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J Vis. 2004 Jul 1;4(7):539-51.

Can attention selectively bias bistable perception? Differences between binocular rivalry and ambiguous figures.

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Department of Psychology, Princeton University, Princeton, NJ, USA.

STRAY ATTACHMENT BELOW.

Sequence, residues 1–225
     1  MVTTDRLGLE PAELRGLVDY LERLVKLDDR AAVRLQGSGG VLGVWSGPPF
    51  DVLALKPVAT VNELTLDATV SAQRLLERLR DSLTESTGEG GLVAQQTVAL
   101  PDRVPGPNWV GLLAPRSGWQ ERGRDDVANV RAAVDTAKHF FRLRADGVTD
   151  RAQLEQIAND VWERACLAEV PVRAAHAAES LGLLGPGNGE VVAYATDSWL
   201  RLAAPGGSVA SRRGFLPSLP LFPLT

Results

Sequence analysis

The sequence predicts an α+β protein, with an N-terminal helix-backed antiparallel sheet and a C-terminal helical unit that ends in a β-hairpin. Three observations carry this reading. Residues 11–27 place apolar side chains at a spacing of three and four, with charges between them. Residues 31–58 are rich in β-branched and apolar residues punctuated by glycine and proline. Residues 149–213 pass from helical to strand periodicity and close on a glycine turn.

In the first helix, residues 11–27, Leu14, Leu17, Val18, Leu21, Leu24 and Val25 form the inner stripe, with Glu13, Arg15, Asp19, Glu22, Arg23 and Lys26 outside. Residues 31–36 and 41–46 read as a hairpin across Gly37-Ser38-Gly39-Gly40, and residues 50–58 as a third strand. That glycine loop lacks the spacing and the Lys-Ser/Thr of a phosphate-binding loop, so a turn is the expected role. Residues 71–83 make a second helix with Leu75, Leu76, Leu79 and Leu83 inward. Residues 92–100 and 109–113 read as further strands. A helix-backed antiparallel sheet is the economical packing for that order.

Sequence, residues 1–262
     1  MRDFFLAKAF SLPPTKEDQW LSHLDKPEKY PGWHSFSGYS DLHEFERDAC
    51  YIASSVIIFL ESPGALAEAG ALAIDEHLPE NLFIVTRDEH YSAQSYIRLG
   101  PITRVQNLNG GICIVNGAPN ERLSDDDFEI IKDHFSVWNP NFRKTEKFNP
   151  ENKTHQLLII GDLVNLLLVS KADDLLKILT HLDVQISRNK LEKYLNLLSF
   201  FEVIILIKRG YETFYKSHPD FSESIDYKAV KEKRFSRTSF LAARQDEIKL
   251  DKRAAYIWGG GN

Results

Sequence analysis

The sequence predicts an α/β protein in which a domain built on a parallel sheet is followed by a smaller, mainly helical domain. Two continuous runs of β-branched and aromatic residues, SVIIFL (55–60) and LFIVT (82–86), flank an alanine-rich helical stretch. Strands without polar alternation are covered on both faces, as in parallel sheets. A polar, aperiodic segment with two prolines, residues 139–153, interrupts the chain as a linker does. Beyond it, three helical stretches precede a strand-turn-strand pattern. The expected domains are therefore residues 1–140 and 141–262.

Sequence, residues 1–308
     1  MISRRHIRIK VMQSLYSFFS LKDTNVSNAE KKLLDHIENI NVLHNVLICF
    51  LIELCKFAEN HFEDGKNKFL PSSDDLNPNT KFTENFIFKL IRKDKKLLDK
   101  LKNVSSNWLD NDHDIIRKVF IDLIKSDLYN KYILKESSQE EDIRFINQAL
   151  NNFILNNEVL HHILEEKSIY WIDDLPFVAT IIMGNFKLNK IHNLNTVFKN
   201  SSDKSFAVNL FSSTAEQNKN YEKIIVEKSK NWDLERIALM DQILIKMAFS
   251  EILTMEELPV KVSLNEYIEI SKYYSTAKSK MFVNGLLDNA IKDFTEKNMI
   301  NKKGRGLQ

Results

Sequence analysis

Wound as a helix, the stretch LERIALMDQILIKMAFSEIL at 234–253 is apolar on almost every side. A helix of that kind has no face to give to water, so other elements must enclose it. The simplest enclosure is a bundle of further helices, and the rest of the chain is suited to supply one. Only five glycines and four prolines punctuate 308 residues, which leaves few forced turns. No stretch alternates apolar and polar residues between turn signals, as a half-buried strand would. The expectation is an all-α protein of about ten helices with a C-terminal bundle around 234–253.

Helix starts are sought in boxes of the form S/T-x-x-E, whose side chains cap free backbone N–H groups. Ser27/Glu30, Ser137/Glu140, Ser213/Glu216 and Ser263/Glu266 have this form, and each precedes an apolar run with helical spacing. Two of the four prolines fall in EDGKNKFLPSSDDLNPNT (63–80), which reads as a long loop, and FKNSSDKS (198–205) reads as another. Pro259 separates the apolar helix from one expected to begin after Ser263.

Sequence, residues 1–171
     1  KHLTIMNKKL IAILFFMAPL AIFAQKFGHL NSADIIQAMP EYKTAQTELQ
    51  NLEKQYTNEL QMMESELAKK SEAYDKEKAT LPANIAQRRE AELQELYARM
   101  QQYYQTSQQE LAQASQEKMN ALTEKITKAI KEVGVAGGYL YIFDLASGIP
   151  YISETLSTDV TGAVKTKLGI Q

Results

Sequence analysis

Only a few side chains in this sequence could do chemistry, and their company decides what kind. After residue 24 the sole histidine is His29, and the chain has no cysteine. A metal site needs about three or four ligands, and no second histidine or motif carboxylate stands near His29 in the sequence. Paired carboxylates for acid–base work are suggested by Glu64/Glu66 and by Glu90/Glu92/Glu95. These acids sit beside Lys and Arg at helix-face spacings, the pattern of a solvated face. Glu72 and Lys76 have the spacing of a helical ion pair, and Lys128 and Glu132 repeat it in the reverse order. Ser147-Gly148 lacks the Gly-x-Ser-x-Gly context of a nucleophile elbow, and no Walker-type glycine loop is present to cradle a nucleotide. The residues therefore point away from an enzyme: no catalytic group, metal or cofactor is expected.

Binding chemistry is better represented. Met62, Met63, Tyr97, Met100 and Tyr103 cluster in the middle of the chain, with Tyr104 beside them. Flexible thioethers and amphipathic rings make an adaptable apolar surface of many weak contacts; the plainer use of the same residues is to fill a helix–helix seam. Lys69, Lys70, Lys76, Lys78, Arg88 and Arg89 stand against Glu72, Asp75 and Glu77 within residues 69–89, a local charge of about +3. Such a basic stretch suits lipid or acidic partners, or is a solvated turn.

It is debated whether different forms of bistable perception result from common or separate neural mechanisms. Binocular rivalry involves perceptual alternations between competing monocular images, whereas ambiguous figures such as the Necker cube lead to alternations between two possible pictorial interpretations. Previous studies have shown that observers can voluntarily control the alternation rate of both rivalry and Necker cube reversal, perhaps suggesting that bistable perception results from a common mechanism of top-down selection. However, according to the biased competition model of selective attention, attention should be able to enhance the attended percept and suppress the unattended percept. Here, we investigated selective attentional modulation of dominance durations in bistable perception. Observers consistently showed much weaker selective attentional control for rivalry than for Necker cube reversal, even for rivalry displays that maximized the opportunities for feature-, object-, or space-based attentional selection. In contrast, nonselective control of alternation rate was comparably strong for both forms of bistable perception and corresponded poorly with estimates of selective attentional control. Our results support the notion that binocular rivalry involves a more automatic, stimulus-driven form of visual competition than Necker cube reversal, and as a consequence, is less easily biased by selective attention.

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